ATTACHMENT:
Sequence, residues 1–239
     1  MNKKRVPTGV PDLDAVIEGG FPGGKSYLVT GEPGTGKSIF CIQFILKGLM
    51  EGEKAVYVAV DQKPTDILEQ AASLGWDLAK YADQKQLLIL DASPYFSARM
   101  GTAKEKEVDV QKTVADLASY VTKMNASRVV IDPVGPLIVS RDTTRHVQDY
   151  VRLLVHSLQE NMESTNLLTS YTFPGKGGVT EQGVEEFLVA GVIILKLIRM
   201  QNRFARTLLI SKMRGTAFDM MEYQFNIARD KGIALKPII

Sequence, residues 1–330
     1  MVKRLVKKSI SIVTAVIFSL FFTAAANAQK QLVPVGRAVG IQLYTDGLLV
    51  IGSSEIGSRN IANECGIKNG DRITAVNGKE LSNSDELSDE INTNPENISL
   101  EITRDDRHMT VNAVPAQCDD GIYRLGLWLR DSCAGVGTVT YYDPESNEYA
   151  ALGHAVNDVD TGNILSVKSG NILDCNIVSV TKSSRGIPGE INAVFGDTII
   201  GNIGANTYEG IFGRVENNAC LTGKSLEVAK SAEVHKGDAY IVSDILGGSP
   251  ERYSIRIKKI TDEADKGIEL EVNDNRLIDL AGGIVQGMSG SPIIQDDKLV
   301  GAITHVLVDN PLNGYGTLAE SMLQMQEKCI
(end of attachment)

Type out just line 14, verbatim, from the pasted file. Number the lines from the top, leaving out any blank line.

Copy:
   301  GAITHVLVDN PLNGYGTLAE SMLQMQEKCI